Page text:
Viacom goes public with Charter impasse as carriage renewal deadline looms

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Charter signaled that negotiations with Viacom might be tough in early May, when it moved MTV, Nickelodeon, BET, Spike and VH1 out of its basic programming tier.

Viacom has begun putting message crawls on its channels for Charter Communications subscribers, informing these viewers that a blackout of its networks on the No. 2 U.S. cable operator looms if a carriage renewal deal can’t be worked out by Sunday.

“Viacom has made a series of very attractive offers to Charter that are consistent with terms we’ve recently reached with other large cable operators,” Viacom said in a statement emailed to FierceCable this morning. “Importantly, these offers would enable Charter to lower Spectrum subscribers’ bills, while also giving them more access to shows across Nickelodeon, BET, MTV, Comedy Central and other Viacom networks.”

RELATED: Charter kicks MTV, BET, Nick, other Viacom channels out of basic tier


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Charter signaled that negotiations with Viacom might be tough in early May, when it moved MTV, Nickelodeon, BET, Spike and VH1 out of its basic programming tier.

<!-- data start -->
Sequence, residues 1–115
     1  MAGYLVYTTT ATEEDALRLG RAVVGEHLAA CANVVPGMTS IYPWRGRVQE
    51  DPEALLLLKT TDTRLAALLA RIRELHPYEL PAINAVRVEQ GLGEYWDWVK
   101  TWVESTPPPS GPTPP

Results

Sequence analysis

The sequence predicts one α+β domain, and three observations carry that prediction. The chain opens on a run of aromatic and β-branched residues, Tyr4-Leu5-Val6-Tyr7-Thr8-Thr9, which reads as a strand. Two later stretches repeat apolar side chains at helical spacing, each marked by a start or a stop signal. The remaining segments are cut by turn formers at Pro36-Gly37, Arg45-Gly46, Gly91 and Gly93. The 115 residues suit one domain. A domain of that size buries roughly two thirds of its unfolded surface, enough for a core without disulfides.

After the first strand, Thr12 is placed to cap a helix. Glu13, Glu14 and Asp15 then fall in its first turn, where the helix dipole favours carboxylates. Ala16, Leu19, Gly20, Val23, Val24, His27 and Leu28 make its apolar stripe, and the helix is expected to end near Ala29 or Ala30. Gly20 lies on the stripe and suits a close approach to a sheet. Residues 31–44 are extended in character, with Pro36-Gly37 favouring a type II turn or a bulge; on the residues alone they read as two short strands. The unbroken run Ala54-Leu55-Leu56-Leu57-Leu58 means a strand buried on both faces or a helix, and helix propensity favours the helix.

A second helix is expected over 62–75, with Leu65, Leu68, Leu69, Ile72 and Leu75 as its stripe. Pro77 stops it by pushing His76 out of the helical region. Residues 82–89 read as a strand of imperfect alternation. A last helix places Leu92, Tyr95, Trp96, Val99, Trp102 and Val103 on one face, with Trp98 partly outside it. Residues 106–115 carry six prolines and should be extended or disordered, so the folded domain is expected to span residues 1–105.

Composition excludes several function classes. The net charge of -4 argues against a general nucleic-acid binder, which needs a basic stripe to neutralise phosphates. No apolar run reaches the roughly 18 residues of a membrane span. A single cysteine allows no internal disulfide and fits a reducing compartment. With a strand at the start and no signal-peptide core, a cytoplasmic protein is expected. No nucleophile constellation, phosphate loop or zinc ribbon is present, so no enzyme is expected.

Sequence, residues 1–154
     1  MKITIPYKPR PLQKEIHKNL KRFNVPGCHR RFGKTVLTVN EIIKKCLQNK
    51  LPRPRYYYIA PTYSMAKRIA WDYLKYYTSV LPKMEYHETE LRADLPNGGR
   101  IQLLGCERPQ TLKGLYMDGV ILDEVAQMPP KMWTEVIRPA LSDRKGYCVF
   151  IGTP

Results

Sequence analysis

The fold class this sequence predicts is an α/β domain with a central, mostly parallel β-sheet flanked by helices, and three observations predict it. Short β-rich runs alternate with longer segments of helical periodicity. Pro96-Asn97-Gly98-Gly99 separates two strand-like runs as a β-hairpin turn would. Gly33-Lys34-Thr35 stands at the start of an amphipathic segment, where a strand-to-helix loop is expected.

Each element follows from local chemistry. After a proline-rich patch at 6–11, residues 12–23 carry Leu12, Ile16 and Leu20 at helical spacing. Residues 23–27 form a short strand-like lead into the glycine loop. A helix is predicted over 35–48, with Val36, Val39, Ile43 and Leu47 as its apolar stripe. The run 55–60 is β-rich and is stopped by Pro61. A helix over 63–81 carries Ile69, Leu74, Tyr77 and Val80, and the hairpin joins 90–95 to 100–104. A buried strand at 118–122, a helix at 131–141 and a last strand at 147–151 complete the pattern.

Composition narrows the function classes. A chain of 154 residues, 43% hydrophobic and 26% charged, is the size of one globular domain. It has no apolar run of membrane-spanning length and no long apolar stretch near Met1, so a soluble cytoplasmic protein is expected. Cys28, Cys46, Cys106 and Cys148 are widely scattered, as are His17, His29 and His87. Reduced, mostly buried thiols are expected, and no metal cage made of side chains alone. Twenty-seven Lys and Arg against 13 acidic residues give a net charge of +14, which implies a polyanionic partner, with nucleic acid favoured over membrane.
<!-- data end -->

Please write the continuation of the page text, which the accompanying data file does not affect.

Viacom CEO Bob Bakish responded that the cable operator, which controls around 16.5 million pay TV homes in the U.S., was in breach of contract. But no lawsuit has been filed to date.

“Viacom is committed to developing strong, mutually beneficial relationships with our distribution partners,” the media conglomerate added in its statement. “Despite our efforts, Charter continues to insist on unreasonable and extreme terms that are totally inconsistent with the market.  While we’re making every effort to reach a new deal, Charter’s actions may force a disruption in their service.”

Perhaps no media networks conglomerate has suffered worse in the SVOD age than Viacom. But under Bakish, stability appears to have set in, and a number of Viacom’s channels have reported upticks recently in viewership. 

“What's interesting is that in aggregate, Viacom’s networks have the greatest reach vs. other cable net groups, but the group continues be viewed as ‘droppable by the market. Ultimately, we think a deal will get done, taking carriage risk off the table for now, hopefully putting a floor under the stock,'” wrote Jefferies analyst John Janedis in a note to investors this morning. 

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